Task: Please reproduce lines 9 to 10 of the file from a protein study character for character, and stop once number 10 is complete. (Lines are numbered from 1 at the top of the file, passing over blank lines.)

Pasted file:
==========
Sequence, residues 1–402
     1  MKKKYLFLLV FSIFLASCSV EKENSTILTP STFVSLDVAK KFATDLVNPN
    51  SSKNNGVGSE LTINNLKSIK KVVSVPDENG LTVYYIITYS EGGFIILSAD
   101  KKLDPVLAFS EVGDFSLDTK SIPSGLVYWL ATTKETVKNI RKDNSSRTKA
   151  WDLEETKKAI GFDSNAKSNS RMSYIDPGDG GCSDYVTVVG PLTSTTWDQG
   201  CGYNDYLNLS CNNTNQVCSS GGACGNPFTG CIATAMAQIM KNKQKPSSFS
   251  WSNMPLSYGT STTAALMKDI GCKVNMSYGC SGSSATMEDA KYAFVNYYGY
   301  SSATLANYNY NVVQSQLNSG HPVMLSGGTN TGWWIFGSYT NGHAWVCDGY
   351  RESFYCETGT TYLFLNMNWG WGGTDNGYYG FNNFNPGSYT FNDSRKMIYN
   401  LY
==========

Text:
   351  RESFYCETGT TYLFLNMNWG WGGTDNGYYG FNNFNPGSYT FNDSRKMIYN
   401  LY